GOP, Spending Hawks Concerned With Direction of Colorado Budget

Colorado state capitol building
Colorado state capitol building / Wikimedia Commons

Colorado’s budget will top $32.3 billion for the upcoming fiscal year, nearly a 5 percent increase in spending over the previous year, and that concerns some Republicans and government watchdogs.

Paul Prentice, senior fellow at the Independence Institute’s Fiscal Policy Center and a professor at Colorado Technical University, said the budget is evidence of how "massive and complex" Colorado state government has become, despite constraints put in place by the Taxpayer’s Bill of Rights (TABOR).

The TABOR constitutional amendment limits how much revenue the state can collect and spend.

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"Every dollar spent by the State of Colorado must first come from the private sector in one form or another. TABOR minimizes the amount the State can take, thus maximizing the amount left to the general public," Prentice said. "One reason the Colorado State economy is growing faster than the national average, is that State spending is growing below the national average due to TABOR."

The operating budget was introduced Monday by the Joint Budget Committee in Senate Bill 207. It seeks to spend 4.8 percent more in the next fiscal year.

While the budget reports $32.3 billion in spending, $30.5 billion is a more accurate number due to how state agencies count funds, according to the Colorado Sun.

The budget includes $185 million to fund free kindergarten. That's more than $40 million less than Gov. Jared Polis requested for all-day kindergarten, an issue he made a campaign priority.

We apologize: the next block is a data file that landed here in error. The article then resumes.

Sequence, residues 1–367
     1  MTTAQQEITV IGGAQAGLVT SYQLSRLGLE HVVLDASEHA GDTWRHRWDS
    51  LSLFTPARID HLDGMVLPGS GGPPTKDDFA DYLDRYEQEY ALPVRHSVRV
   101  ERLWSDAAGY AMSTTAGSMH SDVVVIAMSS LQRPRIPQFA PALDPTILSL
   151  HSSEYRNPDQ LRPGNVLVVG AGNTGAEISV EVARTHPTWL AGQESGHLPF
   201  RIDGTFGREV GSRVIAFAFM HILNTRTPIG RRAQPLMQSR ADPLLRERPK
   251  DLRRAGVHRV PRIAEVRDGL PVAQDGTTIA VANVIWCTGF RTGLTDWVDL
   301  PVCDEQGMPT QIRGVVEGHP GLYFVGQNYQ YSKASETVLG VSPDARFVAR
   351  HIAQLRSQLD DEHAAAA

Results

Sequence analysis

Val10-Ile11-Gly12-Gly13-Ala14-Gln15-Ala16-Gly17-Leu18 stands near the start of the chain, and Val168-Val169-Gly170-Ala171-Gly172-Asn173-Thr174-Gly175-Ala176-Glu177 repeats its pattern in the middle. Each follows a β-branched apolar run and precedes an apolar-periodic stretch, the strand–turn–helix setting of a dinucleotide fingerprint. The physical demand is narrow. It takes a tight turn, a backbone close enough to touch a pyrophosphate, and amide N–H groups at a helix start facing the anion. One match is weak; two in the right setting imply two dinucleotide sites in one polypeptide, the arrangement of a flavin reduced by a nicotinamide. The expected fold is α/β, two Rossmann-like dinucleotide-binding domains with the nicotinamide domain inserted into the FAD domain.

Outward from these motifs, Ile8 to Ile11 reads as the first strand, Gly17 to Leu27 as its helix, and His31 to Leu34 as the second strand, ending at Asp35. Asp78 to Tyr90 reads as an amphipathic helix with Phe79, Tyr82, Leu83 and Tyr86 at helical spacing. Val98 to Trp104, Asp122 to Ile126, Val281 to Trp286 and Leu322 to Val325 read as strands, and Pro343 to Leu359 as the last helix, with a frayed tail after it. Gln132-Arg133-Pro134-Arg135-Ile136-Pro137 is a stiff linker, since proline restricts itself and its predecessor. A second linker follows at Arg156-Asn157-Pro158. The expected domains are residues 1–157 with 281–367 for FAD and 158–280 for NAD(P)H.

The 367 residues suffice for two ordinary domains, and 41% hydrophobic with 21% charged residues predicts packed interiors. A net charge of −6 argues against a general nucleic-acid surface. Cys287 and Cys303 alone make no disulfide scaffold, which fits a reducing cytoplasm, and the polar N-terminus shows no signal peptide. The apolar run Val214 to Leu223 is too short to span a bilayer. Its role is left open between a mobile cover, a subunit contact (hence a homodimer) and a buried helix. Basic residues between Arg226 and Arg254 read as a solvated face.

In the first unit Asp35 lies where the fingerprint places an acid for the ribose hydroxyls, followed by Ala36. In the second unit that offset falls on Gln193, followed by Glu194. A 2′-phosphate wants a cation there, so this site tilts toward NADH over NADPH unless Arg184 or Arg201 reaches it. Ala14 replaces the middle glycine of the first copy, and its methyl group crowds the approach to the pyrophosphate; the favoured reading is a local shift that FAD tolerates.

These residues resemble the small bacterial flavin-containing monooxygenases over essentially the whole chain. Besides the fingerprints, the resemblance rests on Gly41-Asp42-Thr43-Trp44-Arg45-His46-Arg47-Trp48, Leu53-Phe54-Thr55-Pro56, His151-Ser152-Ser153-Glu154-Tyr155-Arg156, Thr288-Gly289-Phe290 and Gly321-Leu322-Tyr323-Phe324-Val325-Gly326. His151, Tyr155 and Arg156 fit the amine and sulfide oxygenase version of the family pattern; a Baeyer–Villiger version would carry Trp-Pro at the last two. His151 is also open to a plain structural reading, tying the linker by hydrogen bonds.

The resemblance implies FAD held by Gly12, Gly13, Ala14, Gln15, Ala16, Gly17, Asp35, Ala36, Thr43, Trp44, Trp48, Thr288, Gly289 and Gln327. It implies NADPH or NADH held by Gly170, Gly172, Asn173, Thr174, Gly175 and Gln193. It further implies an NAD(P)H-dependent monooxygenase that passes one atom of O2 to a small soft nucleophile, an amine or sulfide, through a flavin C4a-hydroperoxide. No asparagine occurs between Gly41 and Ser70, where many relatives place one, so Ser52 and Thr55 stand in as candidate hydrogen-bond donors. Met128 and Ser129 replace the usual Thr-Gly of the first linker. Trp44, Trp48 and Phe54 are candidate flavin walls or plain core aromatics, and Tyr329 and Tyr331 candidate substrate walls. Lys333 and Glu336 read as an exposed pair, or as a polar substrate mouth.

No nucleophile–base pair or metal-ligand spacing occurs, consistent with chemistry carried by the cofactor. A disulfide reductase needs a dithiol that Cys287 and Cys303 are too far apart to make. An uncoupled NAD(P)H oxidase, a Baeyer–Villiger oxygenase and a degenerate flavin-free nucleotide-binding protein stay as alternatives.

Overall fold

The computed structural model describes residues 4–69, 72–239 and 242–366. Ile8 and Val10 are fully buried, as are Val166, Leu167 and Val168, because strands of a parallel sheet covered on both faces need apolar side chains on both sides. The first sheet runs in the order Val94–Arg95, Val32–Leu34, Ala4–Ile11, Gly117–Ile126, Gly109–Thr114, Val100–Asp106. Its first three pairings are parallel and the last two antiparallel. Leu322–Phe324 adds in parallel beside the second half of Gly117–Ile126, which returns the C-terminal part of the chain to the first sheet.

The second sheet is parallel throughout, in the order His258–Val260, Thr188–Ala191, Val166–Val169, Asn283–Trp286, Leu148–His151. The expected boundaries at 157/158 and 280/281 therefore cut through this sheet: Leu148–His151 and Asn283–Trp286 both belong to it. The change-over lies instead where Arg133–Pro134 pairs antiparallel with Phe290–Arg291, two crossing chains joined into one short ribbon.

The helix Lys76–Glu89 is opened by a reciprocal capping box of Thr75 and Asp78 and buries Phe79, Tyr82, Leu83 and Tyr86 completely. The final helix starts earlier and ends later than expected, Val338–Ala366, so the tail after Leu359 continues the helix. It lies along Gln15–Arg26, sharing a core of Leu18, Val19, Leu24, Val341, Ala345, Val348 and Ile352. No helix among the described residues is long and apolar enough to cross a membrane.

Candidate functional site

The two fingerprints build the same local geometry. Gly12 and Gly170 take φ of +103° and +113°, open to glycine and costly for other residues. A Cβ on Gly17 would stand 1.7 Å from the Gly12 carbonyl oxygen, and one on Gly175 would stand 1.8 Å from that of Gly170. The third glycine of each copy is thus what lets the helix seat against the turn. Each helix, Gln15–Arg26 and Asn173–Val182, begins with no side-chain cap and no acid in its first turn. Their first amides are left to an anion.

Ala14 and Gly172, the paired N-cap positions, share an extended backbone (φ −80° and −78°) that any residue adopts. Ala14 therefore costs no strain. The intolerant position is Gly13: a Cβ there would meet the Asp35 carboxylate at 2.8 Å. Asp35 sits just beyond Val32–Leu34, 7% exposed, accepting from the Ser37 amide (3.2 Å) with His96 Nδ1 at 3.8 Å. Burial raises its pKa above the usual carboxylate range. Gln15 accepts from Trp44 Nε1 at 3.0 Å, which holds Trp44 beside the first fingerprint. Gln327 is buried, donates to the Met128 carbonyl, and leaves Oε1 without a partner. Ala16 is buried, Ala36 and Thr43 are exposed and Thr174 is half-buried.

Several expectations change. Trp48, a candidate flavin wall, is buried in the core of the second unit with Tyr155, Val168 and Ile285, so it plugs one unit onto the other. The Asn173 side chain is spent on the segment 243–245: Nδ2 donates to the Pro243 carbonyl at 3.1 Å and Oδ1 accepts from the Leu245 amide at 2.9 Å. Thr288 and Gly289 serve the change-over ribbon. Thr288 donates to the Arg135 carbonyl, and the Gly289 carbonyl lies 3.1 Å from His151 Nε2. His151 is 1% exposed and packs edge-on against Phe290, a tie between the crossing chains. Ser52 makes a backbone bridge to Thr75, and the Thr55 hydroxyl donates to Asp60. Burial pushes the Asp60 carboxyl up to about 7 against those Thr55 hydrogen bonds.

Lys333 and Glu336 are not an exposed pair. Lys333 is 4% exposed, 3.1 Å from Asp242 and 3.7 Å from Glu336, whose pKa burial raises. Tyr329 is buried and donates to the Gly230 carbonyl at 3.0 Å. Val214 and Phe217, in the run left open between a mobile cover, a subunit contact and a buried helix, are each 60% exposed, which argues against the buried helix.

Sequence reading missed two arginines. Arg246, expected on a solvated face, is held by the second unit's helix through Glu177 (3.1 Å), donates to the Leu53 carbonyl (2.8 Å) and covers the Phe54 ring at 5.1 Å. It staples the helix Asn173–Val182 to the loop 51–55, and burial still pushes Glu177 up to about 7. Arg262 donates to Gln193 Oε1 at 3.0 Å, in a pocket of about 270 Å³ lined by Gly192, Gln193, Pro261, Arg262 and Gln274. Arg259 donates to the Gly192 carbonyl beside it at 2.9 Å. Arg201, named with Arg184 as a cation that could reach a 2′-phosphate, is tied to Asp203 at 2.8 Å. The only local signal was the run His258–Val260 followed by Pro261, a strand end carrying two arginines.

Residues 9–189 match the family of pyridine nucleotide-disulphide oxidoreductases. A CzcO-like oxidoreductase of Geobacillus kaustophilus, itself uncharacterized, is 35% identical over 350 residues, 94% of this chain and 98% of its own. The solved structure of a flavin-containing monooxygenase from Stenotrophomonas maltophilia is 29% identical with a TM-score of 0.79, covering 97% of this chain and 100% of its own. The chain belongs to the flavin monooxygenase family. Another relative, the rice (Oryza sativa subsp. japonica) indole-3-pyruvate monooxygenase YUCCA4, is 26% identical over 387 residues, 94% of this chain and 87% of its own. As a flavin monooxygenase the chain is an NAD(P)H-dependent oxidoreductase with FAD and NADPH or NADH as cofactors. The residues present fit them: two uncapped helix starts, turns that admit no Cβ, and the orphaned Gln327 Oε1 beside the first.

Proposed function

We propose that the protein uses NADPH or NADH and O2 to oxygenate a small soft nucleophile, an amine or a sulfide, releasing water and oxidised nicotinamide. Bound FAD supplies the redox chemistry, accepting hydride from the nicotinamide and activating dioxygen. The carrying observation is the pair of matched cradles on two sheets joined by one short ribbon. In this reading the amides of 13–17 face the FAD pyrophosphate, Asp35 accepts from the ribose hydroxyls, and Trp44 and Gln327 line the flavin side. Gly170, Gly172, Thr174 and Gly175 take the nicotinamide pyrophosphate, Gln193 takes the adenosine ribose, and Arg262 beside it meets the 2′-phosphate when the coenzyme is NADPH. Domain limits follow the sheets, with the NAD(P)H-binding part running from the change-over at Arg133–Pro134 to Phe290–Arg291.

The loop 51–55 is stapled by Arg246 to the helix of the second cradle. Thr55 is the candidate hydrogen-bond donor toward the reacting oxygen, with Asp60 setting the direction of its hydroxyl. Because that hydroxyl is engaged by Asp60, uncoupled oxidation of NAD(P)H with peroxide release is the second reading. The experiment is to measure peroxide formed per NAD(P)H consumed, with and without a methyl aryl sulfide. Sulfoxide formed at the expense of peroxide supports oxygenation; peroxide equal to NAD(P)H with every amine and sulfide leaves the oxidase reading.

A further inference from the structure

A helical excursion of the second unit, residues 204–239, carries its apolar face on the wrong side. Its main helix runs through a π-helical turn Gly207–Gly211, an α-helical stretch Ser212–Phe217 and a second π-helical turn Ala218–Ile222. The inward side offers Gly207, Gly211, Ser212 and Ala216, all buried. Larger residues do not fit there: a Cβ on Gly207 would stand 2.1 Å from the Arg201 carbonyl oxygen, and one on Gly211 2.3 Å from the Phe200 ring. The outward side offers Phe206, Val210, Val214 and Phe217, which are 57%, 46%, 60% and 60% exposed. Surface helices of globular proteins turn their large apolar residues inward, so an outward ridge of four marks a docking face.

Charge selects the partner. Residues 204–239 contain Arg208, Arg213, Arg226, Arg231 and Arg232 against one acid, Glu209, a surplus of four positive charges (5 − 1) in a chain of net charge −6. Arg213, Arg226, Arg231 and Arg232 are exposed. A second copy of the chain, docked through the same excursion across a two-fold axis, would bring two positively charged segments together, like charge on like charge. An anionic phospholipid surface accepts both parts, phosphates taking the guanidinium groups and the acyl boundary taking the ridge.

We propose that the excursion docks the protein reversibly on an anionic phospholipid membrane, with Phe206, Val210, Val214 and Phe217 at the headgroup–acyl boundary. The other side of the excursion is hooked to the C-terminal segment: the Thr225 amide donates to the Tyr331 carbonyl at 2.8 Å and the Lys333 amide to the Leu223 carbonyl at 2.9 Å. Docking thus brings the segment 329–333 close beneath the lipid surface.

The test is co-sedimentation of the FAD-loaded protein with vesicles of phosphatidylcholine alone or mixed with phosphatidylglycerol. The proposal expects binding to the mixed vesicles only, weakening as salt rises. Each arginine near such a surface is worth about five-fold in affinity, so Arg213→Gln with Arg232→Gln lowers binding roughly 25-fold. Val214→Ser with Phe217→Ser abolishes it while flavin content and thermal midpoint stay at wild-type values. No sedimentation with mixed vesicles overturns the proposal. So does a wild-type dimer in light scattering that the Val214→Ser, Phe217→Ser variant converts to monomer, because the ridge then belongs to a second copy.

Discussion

The bill appropriates $5.85 billion for education, in addition to the funding for kindergarten. Higher education receives a 6.8 percent bump from the previous year, a $282 million increase.

Funding for transportation received a $314 million increase, 17 percent more than last year.

The largest appropriation for the budget goes to the Department of Health Care Policy and Financing with $10.6 billion, $6 billion of which comes from the federal government.

The state is expected to have a $1 billion budget surplus in the fiscal year.

The bill was discussed by the Senate Appropriations Committee on Tuesday and is expected to be debated in front of the full Senate on Thursday.

Sage Naumann, spokesman for the Senate GOP, said Republicans are concerned with the direction of the budget.

"We greatly appreciate the work the Joint Budget Committee has done in preparing this budget, but have some concerns regarding the direction our budget is heading when put into perspective with our economic forecast," he said in an email. "While our year-to-year base continues to grow, priorities such as repairing and improving our roads has seemed to fall by the wayside, and we hope to work across the aisle to ensure both of those are addressed during the upcoming budget debates."